Clearing the air in Howard

November 06, 2005

Smoking is banned from most workplaces in this country. Why? Because secondhand smoke contains 50 known carcinogens and raises the risk of lung cancer and heart disease in people who don't smoke. The Centers for Disease Control and Prevention estimates that at least 38,000 people in the U.S. die each year because of exposure to secondhand smoke. Unfortunately, many states, Maryland included, don't prohibit smoking in all restaurants and bars. It's a costly - and potentially deadly - loophole.

But that's changing. Tomorrow, Howard County Executive James N. Robey is expected to formally introduce legislation to ban smoking in bars and restaurants as well as at outdoor athletic and entertainment events. If successful, Howard will join Montgomery and Talbot counties, where similar smoking bans have proved to be effective. Two County Council members have already promised support for the proposal, and a third, David A. Rakes, pledged to vote for a ban when he ran for office in 2002.

It's a welcome trend. In recent years, eight states (including neighboring Delaware) have endorsed smoke-free bars and restaurants, as have at least 190 localities. Howard County has a history with the issue, too. Under legislation passed 12 years ago, restaurants that choose to permit smoking must have a smoking area with separate ventilation. That was a progressive decision for its day, but the requirement failed to address the health of the county's restaurant and bar workers.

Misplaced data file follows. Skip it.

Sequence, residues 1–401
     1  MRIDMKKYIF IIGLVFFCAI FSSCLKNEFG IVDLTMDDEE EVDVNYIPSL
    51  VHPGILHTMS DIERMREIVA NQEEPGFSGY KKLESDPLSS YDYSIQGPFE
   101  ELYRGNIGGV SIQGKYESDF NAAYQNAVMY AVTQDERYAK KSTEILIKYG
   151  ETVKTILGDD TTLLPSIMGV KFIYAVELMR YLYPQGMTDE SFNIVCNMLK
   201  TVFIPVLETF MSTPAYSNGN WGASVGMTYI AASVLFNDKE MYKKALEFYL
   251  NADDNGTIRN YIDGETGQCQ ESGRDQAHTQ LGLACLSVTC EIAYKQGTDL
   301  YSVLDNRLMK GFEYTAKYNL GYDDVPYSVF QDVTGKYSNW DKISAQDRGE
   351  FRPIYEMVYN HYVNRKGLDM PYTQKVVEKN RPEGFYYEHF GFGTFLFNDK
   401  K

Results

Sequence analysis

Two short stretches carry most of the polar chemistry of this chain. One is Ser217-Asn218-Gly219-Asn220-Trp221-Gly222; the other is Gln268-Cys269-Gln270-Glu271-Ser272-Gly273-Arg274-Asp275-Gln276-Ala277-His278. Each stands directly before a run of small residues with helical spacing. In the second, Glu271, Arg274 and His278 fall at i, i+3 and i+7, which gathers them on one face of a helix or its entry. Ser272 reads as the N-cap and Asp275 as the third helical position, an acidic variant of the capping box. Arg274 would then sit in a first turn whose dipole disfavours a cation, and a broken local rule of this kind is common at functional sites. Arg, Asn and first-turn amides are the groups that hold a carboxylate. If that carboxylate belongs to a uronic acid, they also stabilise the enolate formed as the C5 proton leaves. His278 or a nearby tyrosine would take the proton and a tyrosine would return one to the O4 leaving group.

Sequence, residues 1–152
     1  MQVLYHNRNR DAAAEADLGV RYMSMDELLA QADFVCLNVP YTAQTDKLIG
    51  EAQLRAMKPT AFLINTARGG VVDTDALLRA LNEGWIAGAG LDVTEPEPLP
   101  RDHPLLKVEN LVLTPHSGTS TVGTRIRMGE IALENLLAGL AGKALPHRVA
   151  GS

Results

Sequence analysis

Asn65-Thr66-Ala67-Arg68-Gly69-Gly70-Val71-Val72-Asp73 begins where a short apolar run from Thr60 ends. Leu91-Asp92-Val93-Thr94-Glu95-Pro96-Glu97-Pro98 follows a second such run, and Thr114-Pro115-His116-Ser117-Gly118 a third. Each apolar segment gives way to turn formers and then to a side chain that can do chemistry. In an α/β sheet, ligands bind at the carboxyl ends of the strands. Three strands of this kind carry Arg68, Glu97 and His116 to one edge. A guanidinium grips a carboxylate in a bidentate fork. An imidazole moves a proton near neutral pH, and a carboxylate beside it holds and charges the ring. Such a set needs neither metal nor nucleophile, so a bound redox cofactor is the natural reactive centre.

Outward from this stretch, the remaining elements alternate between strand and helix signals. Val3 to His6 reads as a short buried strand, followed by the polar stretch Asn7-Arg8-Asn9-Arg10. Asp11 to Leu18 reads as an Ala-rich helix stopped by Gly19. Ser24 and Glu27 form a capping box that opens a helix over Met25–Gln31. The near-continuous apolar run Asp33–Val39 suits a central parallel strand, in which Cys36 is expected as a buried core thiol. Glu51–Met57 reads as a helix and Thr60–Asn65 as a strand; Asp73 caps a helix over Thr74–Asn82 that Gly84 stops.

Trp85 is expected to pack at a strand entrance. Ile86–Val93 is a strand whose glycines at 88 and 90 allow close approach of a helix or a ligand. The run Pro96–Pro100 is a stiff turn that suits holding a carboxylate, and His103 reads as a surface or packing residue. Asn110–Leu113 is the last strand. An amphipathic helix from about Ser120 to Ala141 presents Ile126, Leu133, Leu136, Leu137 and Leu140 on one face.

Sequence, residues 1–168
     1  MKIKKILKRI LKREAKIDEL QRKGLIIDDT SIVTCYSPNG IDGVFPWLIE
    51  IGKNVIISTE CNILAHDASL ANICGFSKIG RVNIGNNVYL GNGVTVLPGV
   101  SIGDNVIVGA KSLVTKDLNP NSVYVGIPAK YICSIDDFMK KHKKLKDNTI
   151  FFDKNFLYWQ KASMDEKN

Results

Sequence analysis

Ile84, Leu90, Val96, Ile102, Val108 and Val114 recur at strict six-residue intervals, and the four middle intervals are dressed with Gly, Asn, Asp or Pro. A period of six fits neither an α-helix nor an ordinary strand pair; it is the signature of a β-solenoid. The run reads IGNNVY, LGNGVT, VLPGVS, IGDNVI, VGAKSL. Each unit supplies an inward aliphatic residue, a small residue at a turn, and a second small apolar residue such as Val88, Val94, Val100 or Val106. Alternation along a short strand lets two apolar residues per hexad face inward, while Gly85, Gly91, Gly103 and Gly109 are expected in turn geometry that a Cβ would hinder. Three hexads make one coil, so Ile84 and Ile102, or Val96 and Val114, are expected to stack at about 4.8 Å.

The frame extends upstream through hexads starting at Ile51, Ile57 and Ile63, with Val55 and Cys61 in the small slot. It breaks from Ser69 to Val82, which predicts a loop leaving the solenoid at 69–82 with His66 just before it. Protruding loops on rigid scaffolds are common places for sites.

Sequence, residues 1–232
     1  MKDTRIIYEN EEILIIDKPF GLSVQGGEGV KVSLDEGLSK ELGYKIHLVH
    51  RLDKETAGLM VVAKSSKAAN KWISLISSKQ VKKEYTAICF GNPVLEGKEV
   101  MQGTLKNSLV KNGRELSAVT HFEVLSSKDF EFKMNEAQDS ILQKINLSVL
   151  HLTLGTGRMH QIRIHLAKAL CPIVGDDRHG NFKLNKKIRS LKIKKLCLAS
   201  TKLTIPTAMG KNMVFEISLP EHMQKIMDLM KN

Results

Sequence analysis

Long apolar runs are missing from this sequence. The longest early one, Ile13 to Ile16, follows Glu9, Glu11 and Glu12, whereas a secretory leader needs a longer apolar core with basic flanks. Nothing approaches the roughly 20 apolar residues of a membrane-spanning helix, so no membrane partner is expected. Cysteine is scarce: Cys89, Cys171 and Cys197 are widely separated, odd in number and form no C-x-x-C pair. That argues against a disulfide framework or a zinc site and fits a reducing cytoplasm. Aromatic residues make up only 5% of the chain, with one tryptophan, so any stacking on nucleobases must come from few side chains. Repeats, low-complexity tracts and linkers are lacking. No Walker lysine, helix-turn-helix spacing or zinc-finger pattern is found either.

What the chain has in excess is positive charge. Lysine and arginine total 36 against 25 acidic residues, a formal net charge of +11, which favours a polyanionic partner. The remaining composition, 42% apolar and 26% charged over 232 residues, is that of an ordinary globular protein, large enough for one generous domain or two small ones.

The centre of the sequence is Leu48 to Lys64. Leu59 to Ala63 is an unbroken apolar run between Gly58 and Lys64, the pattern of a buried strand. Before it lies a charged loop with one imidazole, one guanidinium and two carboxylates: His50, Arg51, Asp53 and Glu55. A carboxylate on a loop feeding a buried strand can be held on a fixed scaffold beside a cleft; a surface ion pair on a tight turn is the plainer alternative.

Protecting employee health is a prime reason why Howard County - and the rest of Maryland - needs to ban smoking in all businesses. Customers can choose not to patronize bars that permit smoking. Employees can't. And they have to breathe the toxic fumes day after day. Certainly, we wouldn't allow companies to knowingly expose workers to harmful chemicals. Tobacco shouldn't be treated differently.

Research shows smoking bans are effective and the public supports them. A recent study in Ireland found a similar nationwide smoking ban has significantly improved the health of bar staff. Mr. Robey's proposal wouldn't go into effect for two years, but we see no reason for such a delay. Smoking bans don't hurt the restaurant industry, but secondhand smoke does - by harming employees and driving up health care costs. Might a ban inconvenience some customers? That could prove a secondhand benefit: The more lives spared, the better.

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